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Old Dec 29, 08, 4:34 pm   #11
  
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So if I was a terrorist who wanted to take liquid explosives onto an airplane (presuming I could carry something explosive enough without triggering it on the way), I could:

1. Wear an airline or airport crew uniform, and just carry it in. Of course the X-ray would never detect the kind of liquid I had...
2. Put the liquid into contact lens solution bottles and declare them as an exemption.
3. Put the liquid in a juice bottle, declare myself diabetic (maybe take a few needles along too), and get an exemption.
4. Pretend to be a lactating mother carrying milk and get an exemption.
5. Carry the liquid as gel breast enhancing inserts. They are allowed...
6. Stuff the liquids in my pants and walk through with them, being sure to keep them in my private parts, which are never patted down. Of course if asked, I would refuse a full body scan. Or if I really wanted to make sure I wasn't caught I could just shove it in... (you get the picture)
7. Pay an airport worker to smuggle it in for me.
8. Wear plumber's clothing and walk straight through the employee's door.

Hum, seems like a very leaky system...
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Old Dec 29, 08, 4:41 pm   #12
  
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Originally Posted by BubbaLoop View Post
So if I was a terrorist who wanted to take liquid explosives onto an airplane (presuming I could carry something explosive enough without triggering it on the way), I could:

1. Wear an airline or airport crew uniform, and just carry it in. Of course the X-ray would never detect the kind of liquid I had...
2. Put the liquid into contact lens solution bottles and declare them as an exemption.
3. Put the liquid in a juice bottle, declare myself diabetic (maybe take a few needles along too), and get an exemption.
4. Pretend to be a lactating mother carrying milk and get an exemption.
5. Carry the liquid as gel breast enhancing inserts. They are allowed...
6. Stuff the liquids in my pants and walk through with them, being sure to keep them in my private parts, which are never patted down. Of course if asked, I would refuse a full body scan. Or if I really wanted to make sure I wasn't caught I could just shove it in... (you get the picture)
7. Pay an airport worker to smuggle it in for me.
8. Wear plumber's clothing and walk straight through the employee's door.

Hum, seems like a very leaky system...

Nah... take the high road... switch to solid or powder explosives.
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Old Dec 29, 08, 6:19 pm   #13
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Originally Posted by GoingAway View Post
Quote:
Originally Posted by goalie View Post
absolutely correct but let's not forget that what you and i pay for liquids airside is not the same as what airport workers pay <the password is discount>
was that supposed to make me happy? Just peeves me even more.
and me as well. i was just trying to add to the stoopidity of the liquid nonsense. how about a tootsie-pop to get you by?
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Old Dec 30, 08, 6:42 am   #14
  
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The biggest issue I have with the exemptions is the fact that an airline employee who is traveling simply on personal terms can arrive at the checkpoint in full uniform, get a liquids pass and then change clothes at the first restroom. There's no way to verify that they are on duty at the time they present themselves at the checkpoint. I thought the airline crews were more honest until I saw it first hand at my airport. I'm sure it's a common practice.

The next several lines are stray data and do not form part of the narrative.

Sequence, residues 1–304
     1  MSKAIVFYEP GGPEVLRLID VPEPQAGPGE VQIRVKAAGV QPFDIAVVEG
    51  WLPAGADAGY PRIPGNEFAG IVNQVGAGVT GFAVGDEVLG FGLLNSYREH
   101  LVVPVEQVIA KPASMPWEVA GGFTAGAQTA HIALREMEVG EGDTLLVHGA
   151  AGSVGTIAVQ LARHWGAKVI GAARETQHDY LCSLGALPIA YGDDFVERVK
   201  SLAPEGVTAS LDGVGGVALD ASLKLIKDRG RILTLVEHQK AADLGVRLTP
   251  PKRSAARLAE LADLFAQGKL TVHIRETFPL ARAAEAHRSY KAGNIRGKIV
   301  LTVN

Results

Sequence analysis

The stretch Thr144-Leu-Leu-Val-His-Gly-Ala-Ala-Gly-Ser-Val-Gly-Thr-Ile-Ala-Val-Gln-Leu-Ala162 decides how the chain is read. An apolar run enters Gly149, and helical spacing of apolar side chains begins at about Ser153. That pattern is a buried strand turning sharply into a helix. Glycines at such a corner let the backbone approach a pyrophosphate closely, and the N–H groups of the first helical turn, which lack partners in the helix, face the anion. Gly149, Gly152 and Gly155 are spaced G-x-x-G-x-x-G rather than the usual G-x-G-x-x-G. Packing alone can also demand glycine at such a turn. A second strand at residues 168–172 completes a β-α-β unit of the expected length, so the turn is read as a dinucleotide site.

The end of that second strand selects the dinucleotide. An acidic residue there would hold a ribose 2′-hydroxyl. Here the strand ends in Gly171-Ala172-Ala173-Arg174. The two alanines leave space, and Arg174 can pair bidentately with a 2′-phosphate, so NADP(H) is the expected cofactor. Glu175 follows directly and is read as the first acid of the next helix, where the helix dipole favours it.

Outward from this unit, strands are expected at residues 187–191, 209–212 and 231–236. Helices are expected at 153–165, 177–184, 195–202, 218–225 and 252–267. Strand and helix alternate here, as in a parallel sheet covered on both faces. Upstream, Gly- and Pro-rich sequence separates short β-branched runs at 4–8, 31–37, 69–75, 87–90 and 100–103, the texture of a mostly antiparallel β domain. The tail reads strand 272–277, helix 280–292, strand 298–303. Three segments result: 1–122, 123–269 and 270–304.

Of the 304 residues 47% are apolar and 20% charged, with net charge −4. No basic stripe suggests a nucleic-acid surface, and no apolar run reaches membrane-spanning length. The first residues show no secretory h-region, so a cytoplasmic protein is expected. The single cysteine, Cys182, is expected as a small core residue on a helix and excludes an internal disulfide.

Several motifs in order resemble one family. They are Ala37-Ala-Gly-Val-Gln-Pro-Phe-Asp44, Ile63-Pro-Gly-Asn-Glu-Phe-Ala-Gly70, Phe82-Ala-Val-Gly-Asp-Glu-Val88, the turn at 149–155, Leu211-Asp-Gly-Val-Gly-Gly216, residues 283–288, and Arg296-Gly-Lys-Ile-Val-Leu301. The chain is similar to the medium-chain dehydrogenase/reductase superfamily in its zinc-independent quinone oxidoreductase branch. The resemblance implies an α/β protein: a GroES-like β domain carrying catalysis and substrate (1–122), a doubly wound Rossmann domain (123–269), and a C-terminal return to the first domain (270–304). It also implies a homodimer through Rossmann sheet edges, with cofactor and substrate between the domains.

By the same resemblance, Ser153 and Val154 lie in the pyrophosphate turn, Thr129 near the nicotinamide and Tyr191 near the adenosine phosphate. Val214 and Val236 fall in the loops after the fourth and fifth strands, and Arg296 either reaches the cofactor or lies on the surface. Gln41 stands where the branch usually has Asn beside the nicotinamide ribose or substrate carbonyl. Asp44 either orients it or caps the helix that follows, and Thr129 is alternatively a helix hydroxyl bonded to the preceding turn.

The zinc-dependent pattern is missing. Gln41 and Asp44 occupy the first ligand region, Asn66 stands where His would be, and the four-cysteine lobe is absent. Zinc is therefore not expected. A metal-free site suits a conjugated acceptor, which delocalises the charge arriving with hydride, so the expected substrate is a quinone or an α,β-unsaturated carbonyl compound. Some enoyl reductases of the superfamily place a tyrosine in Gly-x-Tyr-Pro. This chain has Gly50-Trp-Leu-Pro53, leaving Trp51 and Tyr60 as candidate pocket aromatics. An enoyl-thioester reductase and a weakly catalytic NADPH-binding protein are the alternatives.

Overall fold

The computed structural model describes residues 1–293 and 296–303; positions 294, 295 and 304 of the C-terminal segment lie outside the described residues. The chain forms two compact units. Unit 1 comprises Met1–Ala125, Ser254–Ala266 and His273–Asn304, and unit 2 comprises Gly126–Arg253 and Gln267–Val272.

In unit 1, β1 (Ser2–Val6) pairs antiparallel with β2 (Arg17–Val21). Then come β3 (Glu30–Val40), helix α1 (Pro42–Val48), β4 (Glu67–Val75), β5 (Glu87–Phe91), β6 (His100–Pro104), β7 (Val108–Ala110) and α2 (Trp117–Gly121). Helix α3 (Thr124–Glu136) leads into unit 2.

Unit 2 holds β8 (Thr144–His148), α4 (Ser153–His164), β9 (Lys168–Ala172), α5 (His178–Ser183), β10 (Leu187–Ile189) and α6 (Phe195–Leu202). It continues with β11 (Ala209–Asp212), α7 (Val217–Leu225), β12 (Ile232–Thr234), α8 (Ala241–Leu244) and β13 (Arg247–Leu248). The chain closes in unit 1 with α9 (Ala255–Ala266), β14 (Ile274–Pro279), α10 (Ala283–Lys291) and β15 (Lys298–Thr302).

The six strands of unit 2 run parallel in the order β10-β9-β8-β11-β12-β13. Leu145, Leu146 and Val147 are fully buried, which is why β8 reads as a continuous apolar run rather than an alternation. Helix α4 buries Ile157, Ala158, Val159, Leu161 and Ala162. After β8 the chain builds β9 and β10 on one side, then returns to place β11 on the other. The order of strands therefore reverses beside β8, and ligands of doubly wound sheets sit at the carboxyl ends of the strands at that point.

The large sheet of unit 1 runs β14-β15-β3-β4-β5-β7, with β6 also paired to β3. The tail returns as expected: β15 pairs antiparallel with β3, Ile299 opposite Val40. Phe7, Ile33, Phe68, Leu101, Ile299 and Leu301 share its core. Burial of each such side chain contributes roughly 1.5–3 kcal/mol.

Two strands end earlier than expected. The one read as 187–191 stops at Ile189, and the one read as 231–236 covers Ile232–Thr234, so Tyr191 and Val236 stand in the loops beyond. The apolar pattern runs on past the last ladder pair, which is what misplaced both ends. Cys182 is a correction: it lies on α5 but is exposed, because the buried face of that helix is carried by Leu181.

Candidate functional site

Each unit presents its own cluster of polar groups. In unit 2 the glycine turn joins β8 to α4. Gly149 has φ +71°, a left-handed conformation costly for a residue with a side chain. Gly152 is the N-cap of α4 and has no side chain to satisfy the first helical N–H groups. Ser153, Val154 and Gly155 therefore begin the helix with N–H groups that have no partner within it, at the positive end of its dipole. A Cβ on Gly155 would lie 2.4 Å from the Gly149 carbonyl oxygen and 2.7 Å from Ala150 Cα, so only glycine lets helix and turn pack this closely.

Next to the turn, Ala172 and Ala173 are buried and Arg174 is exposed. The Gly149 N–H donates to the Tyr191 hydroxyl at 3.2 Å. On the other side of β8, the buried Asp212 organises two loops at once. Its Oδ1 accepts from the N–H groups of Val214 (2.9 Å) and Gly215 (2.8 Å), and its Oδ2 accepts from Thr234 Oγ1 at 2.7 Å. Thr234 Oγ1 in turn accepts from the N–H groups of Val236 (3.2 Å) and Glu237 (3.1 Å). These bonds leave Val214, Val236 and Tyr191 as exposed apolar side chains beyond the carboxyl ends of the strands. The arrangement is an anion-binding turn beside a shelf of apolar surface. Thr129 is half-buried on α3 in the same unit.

I've seen it where an employee was stopped for her water. She stated that she was going back to the lobby to change into her work clothes. She left, changed, and returned to the checkpoint in her work clothes. After that, she changed back into her regular clothes.

I know that if I were a passenger and witnessed that, I'd be quite ticked off. Just like other passengers, I prefer to carry my own drinks onboard the aircraft and not have to rely on a 4 oz cup of water, juice, or soda to get me by. I'd rather have my 32 oz gatorade or something. I also prefer to pay a grocery store's price and not a gift shop's price for the same drink. It's not fair to the passengers.

By the way, in case anyone is wondering. If a TSA person is flying, they have no privileges that airline employees have. They are just a regular passengers.
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Old Dec 30, 08, 7:11 am   #15
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The biggest issue I have with the exemptions is the fact that an airline employee who is traveling simply on personal terms can arrive at the checkpoint in full uniform, get a liquids pass and then change clothes at the first restroom. There's no way to verify that they are on duty at the time they present themselves at the checkpoint. I thought the airline crews were more honest until I saw it first hand at my airport. I'm sure it's a common practice.

I've seen it where an employee was stopped for her water. She stated that she was going back to the lobby to change into her work clothes. She left, changed, and returned to the checkpoint in her work clothes. After that, she changed back into her regular clothes.

I know that if I were a passenger and witnessed that, I'd be quite ticked off. Just like other passengers, I prefer to carry my own drinks onboard the aircraft and not have to rely on a 4 oz cup of water, juice, or soda to get me by. I'd rather have my 32 oz gatorade or something. I also prefer to pay a grocery store's price and not a gift shop's price for the same drink. It's not fair to the passengers.

By the way, in case anyone is wondering. If a TSA person is flying, they have no privileges that airline employees have. They are just a regular passengers.
emphasis mine: in theory and according to policy, right? reality on the other hand......